Yale may have one of the best graduate history programs in the country, but even department administrators said it can still be improved.

The History Department here will consider encouraging more curricular breadth in its graduate program in response to an advisory report released by the National History Center and the Teagle Foundation, a philanthropic organization that focuses on education, Director of Graduate Studies Steven Pincus said this week.

The report surveyed the history departments of 55 universities nationwide and focused on increasing diversity in student curricula, improving course sequencing, increasing seminar opportunities and emphasizing teaching as a major component of the history program.

Pincus said the most compelling aspect of the report was its emphasis on breadth. It is important to train graduate students as not just historians of their own narrow sub-discipline, Pincus said, but in the larger context of history and the liberal arts in general. Yale, Pincus said, could do a better job of requiring breadth of its graduate students.

Many of those students agree, though for slightly differing reasons.

“I think that this is a step in the right direction, as most historians focus far too narrowly on their own specific sub-field … and are oblivious as to what happened in other parts of the world during the century they study,” Megan Lindsay GRD ’11 said in an e-mail message.

The report also discussed breadth as way to better prepare history students for employment. Very few history PhDs go on to be tenured professors at Ivy League schools or other institutions where they are able to teach within their specific field of interest, Sarah Kinkel GRD ’12 added.

“At a lot of other institutions, you have to make some compromises,” she said. “And breadth is helpful there.”

Current departmental requirements build in some curricular diversity for doctoral students. During their first two years, students are required to take twelve graduate seminars, four of which can come from outside the department. Curricular regulations also require students to expand beyond the time and geographic location of their field of study, although students may opt out of the latter through a thematic substitution.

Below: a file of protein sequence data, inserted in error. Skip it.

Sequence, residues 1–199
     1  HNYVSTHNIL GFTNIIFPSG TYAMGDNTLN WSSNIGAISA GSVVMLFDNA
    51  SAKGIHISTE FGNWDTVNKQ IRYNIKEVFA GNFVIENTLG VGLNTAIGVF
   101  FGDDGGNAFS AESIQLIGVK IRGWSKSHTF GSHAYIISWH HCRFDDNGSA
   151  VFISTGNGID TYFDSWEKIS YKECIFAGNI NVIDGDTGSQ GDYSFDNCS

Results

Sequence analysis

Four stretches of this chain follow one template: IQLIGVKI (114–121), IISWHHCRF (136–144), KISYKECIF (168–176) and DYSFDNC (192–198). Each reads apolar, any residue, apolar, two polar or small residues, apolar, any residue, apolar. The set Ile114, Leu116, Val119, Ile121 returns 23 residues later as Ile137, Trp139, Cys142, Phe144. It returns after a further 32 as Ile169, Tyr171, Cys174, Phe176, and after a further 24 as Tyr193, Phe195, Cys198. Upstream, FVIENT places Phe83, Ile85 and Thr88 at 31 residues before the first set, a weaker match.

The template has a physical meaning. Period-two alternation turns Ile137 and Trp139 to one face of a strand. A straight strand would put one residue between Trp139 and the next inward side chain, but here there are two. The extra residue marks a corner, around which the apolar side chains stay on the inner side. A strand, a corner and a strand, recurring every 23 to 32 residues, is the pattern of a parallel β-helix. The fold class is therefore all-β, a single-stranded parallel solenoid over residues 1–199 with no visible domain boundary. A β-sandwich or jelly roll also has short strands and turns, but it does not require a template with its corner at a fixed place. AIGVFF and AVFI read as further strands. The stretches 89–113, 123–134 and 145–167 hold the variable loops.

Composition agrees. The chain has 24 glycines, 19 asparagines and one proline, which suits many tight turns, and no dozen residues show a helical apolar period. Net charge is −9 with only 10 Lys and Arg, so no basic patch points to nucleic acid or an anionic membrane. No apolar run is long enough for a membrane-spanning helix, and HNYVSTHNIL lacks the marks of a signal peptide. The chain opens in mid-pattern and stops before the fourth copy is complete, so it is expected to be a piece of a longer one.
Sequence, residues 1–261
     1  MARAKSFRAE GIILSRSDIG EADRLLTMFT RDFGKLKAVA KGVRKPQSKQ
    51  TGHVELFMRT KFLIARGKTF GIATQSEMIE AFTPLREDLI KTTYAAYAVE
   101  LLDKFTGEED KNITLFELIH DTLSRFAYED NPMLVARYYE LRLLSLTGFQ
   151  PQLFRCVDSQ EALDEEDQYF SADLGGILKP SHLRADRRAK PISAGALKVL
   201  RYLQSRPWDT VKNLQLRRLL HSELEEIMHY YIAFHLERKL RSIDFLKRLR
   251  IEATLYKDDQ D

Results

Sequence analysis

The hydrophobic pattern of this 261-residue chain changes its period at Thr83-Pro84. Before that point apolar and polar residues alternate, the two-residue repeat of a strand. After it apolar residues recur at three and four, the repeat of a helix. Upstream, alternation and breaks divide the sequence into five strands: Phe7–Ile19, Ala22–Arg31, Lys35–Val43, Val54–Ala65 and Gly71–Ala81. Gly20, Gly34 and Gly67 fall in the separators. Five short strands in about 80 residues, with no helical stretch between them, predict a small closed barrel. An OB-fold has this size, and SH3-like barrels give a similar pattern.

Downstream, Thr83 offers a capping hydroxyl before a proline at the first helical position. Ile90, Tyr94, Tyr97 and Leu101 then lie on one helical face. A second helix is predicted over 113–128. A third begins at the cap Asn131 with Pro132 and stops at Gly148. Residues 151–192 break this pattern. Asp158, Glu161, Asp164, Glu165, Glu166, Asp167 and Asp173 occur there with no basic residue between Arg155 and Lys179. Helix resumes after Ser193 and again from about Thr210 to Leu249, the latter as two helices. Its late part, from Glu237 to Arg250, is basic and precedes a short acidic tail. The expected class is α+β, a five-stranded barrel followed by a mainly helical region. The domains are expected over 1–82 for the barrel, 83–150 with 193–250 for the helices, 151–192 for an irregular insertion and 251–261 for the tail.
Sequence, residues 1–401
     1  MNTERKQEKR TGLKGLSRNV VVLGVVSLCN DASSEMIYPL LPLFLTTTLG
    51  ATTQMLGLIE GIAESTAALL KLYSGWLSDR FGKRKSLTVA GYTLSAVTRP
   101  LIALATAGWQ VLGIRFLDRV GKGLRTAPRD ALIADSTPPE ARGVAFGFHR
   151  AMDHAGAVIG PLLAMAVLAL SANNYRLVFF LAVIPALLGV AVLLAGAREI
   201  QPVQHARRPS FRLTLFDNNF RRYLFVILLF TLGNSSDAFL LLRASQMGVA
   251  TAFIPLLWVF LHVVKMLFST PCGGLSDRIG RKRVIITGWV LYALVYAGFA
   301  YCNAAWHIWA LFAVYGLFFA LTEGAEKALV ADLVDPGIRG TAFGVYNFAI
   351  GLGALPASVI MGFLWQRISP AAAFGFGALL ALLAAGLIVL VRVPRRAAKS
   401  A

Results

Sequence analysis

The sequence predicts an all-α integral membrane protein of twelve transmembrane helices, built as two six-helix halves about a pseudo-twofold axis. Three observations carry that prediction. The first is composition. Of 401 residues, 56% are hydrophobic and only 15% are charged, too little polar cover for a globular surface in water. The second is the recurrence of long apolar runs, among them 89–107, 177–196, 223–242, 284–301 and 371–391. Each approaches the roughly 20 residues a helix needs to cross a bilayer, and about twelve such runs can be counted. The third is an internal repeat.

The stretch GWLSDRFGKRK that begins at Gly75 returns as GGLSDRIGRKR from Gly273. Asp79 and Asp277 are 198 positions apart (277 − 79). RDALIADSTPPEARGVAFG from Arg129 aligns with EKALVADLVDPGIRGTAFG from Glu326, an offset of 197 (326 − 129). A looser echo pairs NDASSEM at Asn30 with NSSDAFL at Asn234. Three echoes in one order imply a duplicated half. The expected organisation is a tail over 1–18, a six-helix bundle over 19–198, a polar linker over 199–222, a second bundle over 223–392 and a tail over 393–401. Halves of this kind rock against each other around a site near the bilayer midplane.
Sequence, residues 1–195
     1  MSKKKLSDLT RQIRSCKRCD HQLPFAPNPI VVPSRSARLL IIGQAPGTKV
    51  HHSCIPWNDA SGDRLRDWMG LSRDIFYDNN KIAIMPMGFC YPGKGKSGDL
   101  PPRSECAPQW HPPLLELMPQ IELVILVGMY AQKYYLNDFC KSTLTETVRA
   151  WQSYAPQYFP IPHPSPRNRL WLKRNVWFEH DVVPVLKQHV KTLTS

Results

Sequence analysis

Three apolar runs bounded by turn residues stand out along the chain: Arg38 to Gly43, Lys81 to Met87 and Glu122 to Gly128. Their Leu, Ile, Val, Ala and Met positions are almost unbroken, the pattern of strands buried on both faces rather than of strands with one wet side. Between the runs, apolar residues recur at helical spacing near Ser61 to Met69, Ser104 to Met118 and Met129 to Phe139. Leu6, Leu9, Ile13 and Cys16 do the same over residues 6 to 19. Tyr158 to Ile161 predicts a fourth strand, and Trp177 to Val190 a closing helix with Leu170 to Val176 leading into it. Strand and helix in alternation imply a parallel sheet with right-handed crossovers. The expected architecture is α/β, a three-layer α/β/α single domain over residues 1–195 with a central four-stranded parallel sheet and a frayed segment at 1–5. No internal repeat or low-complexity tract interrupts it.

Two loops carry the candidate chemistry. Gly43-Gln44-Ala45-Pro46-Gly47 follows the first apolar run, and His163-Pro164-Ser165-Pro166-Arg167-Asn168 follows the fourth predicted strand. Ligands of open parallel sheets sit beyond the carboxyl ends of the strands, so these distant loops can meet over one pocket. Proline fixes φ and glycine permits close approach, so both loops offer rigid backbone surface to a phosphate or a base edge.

As an improvement, Pincus tentatively suggested adding another requirement for students to complete two graduate seminars in another discipline. Or, he said, the department could offer seminars co-taught by history faculty as well as faculty in other departments, such as anthropology and political science.

But at the same time, he said, he wants to maintain the educational standards of Yale history and avoiding instituting a new requirement that students simply complete to get their degree. Forcing students to take a required course — and forcing faculty to teach it — seems ineffective, he said. Several professors interviewed expressed similar sentiments.

“Graduate training is a very individualized process, and it’s important not to set too many rules,” history professor Francesca Trivellato said.

Pincus said it is unlikely that new policies will be implemented as a direct result of the report. He will submit a memo based on his conclusions to the chair of the History Department this week. A departmental discussion of these issues will follow, but a date has not been set.